Karen Harryman's Auto Mechanic's Daughter

Harryman, Karen. Auto Mechanic's Daughter. Akashic Press, 2007. (86 pages)

Karen Harryman’s Auto Mechanic’s Daughter is one of a batch of three poetry books put out in 2007 by Black Goat Press, an imprint of Akashic Books. The series, curated by Nigerian poet and novelist Chris Abani, seeks to “give marginalized voices a chance to express themselves,” and, more specifically, to create a reputable forum for writers who are making challenging work that is “contrary to what is expected of them.”
       Harryman’s book falls splendidly into this category, with its central focus on a portion of American society often forgotten—low-income whites in the Southern part of the U.S.—but saying that a book of poetry falls into any category, no matter how fresh and necessary that space may be, can unfortunately cause some to minimize the book’s breadth and significance. And this is an important book, for various reasons, including, but not limited to, those mentioned above.
       Harryman lived in Kentucky for most of her life, before moving to Los Angeles, where she now resides. The poems in the book, which are almost all written in the first-person and appear to be mostly, if not entirely, autobiographical (with room for imaginative interpretations of events, of course), manifest the various terrains the author has occupied, both externally and internally—from Kentucky to Portland to Paris to Los Angeles to the ramshackle interior of a poem itself.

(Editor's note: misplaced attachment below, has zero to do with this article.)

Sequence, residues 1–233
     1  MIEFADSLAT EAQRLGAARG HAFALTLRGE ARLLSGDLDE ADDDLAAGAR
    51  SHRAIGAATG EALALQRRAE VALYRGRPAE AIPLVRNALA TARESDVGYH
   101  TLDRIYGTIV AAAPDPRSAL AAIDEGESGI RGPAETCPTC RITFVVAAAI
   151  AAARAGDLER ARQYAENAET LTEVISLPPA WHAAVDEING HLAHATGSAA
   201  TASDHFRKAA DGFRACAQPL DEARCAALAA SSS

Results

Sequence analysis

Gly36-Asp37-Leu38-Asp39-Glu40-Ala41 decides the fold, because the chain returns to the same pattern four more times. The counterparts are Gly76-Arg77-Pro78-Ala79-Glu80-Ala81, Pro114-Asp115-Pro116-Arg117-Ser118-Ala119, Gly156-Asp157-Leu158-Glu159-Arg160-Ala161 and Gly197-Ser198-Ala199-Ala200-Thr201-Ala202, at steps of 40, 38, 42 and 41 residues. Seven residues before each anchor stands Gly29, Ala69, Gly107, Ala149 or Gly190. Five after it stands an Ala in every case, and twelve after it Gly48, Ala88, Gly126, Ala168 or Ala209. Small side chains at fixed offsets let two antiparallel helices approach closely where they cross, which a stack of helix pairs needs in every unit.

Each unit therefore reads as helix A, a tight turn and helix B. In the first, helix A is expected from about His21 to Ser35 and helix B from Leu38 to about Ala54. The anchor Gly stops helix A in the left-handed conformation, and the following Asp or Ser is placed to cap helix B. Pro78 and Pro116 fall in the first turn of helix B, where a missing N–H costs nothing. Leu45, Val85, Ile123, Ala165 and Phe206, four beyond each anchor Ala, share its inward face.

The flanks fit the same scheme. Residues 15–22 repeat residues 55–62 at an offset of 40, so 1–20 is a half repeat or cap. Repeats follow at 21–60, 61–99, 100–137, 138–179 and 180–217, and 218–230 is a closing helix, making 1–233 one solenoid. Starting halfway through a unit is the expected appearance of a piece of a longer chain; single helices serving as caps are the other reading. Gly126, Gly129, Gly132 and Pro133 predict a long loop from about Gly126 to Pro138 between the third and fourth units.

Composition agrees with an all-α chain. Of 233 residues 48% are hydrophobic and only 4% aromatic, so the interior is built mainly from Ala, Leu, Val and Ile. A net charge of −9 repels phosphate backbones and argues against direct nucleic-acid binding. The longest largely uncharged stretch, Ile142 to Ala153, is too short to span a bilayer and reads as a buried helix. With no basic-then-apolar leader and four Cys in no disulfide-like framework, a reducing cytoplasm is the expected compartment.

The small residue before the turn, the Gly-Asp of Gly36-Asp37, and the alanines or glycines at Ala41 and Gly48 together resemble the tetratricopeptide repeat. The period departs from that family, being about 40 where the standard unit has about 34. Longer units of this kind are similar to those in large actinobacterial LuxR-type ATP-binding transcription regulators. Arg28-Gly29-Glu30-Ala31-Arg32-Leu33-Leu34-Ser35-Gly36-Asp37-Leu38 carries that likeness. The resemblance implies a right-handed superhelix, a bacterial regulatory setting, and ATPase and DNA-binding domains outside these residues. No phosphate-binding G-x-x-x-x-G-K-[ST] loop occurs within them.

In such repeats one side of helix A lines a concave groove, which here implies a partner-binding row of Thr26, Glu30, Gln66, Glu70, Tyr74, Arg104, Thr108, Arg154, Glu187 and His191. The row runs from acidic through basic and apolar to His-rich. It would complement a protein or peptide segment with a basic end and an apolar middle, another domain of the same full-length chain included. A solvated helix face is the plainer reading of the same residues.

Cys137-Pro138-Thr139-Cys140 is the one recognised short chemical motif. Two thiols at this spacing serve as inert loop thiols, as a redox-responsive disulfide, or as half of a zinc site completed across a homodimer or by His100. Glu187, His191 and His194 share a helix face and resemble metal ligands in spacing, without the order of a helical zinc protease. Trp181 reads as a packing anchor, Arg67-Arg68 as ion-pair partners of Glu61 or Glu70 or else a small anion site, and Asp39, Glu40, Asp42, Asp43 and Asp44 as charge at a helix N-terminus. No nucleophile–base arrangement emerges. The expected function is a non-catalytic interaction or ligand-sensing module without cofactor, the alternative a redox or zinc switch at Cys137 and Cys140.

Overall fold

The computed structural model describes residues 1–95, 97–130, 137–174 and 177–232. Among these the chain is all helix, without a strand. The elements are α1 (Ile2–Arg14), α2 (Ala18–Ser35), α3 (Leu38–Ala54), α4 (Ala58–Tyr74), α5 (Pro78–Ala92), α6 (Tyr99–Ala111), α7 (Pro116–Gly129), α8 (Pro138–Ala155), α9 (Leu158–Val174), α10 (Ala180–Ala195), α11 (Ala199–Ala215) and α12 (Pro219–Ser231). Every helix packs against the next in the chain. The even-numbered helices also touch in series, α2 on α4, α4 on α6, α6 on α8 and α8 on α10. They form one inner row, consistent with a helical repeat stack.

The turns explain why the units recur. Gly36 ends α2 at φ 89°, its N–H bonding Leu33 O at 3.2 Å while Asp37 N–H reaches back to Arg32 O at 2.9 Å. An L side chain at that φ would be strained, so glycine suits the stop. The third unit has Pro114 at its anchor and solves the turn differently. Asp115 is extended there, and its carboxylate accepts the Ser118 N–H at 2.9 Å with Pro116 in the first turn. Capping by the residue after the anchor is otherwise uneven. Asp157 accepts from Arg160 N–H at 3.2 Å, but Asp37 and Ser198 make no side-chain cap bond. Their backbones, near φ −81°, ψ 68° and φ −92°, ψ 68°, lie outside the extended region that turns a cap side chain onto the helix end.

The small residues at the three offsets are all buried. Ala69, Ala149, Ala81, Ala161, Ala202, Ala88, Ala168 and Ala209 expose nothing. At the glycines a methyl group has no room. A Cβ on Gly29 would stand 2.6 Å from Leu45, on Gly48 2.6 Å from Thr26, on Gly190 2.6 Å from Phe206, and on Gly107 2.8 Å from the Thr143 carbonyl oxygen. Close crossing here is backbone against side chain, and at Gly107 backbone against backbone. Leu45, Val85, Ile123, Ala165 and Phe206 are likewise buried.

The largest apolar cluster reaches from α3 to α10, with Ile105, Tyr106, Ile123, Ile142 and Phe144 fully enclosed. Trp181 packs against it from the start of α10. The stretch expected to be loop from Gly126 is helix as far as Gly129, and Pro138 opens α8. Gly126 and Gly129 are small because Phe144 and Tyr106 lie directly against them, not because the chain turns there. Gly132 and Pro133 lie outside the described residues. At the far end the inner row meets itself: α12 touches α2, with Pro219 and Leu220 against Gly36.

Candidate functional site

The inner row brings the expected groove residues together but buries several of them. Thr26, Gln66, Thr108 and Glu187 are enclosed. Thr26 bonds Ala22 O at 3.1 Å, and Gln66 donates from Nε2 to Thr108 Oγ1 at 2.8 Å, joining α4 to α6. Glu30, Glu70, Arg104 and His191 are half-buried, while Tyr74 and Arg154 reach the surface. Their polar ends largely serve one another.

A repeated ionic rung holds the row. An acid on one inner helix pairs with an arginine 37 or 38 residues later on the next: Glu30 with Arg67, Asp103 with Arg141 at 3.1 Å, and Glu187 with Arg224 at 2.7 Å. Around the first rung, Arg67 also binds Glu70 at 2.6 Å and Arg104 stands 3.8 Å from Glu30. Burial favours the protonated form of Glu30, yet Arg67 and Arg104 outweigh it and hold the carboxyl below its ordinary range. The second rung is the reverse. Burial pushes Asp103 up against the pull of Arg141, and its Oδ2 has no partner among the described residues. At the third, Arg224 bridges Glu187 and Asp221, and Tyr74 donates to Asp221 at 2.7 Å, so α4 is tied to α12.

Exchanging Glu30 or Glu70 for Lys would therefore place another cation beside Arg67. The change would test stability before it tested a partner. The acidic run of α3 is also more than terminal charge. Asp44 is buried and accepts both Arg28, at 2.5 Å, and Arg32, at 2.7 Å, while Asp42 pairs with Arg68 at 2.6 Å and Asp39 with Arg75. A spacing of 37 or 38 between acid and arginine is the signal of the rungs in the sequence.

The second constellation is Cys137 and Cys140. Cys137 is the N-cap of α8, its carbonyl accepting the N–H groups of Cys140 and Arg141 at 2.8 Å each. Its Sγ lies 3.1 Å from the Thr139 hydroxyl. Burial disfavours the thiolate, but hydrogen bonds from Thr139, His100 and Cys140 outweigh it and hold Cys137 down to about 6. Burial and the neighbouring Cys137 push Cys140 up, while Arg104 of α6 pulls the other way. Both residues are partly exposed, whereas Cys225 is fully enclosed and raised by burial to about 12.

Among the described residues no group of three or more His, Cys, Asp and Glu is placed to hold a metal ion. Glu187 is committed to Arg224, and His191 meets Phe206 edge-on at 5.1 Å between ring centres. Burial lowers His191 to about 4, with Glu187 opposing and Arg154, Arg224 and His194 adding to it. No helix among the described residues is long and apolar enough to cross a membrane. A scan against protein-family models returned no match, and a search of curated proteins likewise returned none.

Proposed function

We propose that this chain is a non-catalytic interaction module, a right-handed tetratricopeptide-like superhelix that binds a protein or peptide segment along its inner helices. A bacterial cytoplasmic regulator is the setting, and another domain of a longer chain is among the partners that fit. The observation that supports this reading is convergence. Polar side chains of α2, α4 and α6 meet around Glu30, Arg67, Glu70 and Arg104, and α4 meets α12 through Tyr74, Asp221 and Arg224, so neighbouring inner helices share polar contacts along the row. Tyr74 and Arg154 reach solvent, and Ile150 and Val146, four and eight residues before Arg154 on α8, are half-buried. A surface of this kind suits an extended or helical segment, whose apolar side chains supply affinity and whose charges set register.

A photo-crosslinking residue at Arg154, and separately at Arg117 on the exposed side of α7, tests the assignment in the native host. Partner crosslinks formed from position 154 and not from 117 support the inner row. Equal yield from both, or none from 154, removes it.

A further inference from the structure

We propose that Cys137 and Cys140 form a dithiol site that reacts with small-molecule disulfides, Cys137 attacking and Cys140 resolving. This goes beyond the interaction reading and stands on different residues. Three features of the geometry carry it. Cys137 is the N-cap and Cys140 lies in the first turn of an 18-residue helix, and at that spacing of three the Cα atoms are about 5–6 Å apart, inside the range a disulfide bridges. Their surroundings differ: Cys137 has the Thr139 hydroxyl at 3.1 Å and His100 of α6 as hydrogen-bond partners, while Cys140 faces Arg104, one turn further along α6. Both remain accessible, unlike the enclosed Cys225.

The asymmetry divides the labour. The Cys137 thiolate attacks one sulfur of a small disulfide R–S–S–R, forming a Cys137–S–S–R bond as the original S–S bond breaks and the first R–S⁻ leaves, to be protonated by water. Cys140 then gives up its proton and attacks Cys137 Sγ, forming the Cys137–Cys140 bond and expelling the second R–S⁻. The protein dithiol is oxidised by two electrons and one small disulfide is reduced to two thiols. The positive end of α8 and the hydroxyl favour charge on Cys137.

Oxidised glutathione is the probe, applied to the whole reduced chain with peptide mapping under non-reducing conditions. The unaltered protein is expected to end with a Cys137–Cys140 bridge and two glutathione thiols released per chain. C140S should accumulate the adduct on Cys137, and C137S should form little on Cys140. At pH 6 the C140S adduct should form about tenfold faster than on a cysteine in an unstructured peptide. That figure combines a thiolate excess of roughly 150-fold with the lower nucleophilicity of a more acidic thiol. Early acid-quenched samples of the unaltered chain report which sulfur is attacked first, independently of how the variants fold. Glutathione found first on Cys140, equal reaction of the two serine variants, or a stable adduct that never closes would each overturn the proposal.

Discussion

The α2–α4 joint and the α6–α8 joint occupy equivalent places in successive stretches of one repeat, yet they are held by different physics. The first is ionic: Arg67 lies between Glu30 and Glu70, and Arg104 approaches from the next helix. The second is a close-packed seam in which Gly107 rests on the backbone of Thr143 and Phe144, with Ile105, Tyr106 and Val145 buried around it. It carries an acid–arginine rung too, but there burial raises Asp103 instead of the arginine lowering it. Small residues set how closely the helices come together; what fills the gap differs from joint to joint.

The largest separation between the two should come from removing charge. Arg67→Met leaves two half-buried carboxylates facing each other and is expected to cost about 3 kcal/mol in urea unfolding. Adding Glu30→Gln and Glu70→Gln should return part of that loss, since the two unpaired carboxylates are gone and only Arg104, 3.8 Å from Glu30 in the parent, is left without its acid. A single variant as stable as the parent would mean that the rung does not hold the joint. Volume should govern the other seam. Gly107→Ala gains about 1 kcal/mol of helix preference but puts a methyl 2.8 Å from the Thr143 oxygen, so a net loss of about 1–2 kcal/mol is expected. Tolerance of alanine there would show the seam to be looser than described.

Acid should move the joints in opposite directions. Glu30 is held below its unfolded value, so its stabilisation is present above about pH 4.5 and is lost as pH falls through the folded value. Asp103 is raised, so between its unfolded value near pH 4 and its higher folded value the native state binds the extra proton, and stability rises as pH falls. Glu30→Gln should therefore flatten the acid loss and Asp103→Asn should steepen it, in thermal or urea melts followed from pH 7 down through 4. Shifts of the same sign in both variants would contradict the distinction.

The poems’ lovely, lucid images and their rather simple (yet effective) line structures go down so smoothly, that it’s easy to gloss through Auto Mechanic’s Daughter and miss some of its import— namely, its brave and complicated intentions. This is a book to be meditated upon, like any good book of poetry, and one of it’s distinctions is the conscious refusal Harryman makes in distinguishing a hierarchy between modes of existence that are, culturally and (sub)consciously, entrenched in hierarchy. It would have been easy for Harryman to glamorize the places she’s traveled in Europe, or, equally obnoxiously, to fetishize the poverty of Kentucky—beautifully, she does neither.